The Board set a December 3 public hearing on the law.
Town Board, 10-22-2013
Building inspector Winter presented the Board with four options for addressing the renewal fee issue. After a brief discussion, the Board agreed to grandfather all open building permits, noting that because building permit data is now computerized, going forward, there shouldn’t be a problem with expired permits.
The attorney will draft legislation and a public hearing was tentatively scheduled for December 1.
Town Board, 10-8-2013
In a continuation of an earlier discussion, the Board indicated its support for proposed legislation that would eliminate potential building permit renewal fees for all unclosed building permits greater than two years old that have had final inspections and as long as the assessment for the property reflects the additional construction. The Board directed the building inspector and town attorney to draft proposed legislation reflecting the change, including a fee schedule for permit renewals for properties that have not had final inspections.
Town Board, 9-24-2013
a. Flood plain permit. The Board agreed with the recommendation of Building Inspector John Winter that when a property owner needs a flood plain permit in combination with other permits, such as a building permit or mechanical permit, that the fee for the flood plain permit be reduced to a simple $50 rather than the current full fee. The change can be made to the town’s Master Fee Schedule by resolution.
b. Fee for building permit renewal. The issue is that under Town Code, when the building department gets a request to renew an expired building permit, the permit fee is doubled. Approximately a year ago, the town passed a local law granting a one year grace period that set aside his provision. However, it appears that there are many “open permits” that have remained open for many years and these often do not come to light until there’s a title search. One resident at the meeting, accompanied by her realtor, said she was being charged about $10,000 for three open permits dating back to 1993 that she was not aware of. The realtor said that in her experience this was the case with one in 10 Yorktown houses.
Supervisor Grace explained that property owners often do not close out their building permits and get a CO (certificate of occupancy) because the improvement to their property would trigger an increase in their assessment. But, he added, in some cases the cost of closing out the building permit, even with the double fee, might be less than what the added assessment might have cost them over the years. However, Mr. Winter advised the Board that he is working closely with the assessor and that the latter is reassessing property as the improvements proceed and even before a CO is granted, although it may only be a partial re assessment.,
Mr. Winter added that based on new procedures his department has adopted, open building permits should be less of a problem going forward as his staff now makes site visits before building permits are issued.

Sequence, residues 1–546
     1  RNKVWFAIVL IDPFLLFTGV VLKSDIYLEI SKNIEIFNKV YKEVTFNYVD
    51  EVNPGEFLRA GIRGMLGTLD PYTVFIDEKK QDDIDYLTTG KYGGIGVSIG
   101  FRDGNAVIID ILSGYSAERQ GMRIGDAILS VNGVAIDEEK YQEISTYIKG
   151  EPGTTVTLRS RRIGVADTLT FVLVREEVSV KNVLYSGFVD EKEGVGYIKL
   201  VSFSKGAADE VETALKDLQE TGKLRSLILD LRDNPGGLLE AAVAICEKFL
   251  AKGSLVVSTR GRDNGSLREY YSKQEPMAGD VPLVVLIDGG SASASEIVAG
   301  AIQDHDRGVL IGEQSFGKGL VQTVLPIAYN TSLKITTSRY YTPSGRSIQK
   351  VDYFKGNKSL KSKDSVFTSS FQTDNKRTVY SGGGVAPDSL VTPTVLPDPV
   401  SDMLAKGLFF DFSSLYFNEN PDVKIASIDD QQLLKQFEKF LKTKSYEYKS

Supervisor Grace asked Mr.Winter and Town Attorney Koster to consider draftng legislation dealing with the issue, adding that the Town’s overriding goals were to see that the construction was inspected and done properly and also to see that the property’s assessed value reflected the improvements.
Town Board, 6-25-2013
The Board discussed the need to revise the current law that doubles building permit fees if the property owner begins construction before the permit is issued. Supervisor Grace and Councilman Murphy expressed concern that there was too long a lag time between when the application was filed and when the permit was issued. They suggested that the law be changed to allow property owners to begin construction once the application was filed and that if the work didn’t conform to code after the permit was issued, the onus for ripping out the work would be the property owner’s. They did not want to penalize the property owner for any delay in issuing the building permit.
In response to Councilman Paganelli ‘s question as to when a building permit triggered an increase in assessment, the Supervisor explained that the assessment was adjusted after a certificate of occupancy was issued which, in effect, closed out the building permit. If the property owner didn’t apply for a CO, then the assessment wasn’t changed. That, he said, was the town’s problem, adding that the absence of COs was typically picked up years later when the property was sold.
Town Attorney Koster will prepare a draft of the amendments to the existing law.
Town Board, 7-17-2012
The Board opened and closed the hearing and voted to approve the proposed amendments to the Town Code as previously discussed.
Town Board, 5/8/2012
Building Inspector John Winter discussed revised language and a revised fee schedule for building permit renewals that reflected the Board’s previous discussions.The new text says that work must be commenced within 12 months of the issuance of the permit and that the permit expires after 12 months but can be extended. At the suggestion of Supervisor Grace, the initial application fee will be increased for residential additions, alterations or accessory building valued in excess of $1,000 to $150 from $50, and for new single family homes or multi family units to $300 from $100. The cost for nonresidential applications remained unchanged: $150 for additions or alterations and $300 for a new structure.The application fee, which covers the cost of reviewing the plans, is subtracted from the cost of the final permit. It is nonrefundable is the applicant never proceeds to get a building permit.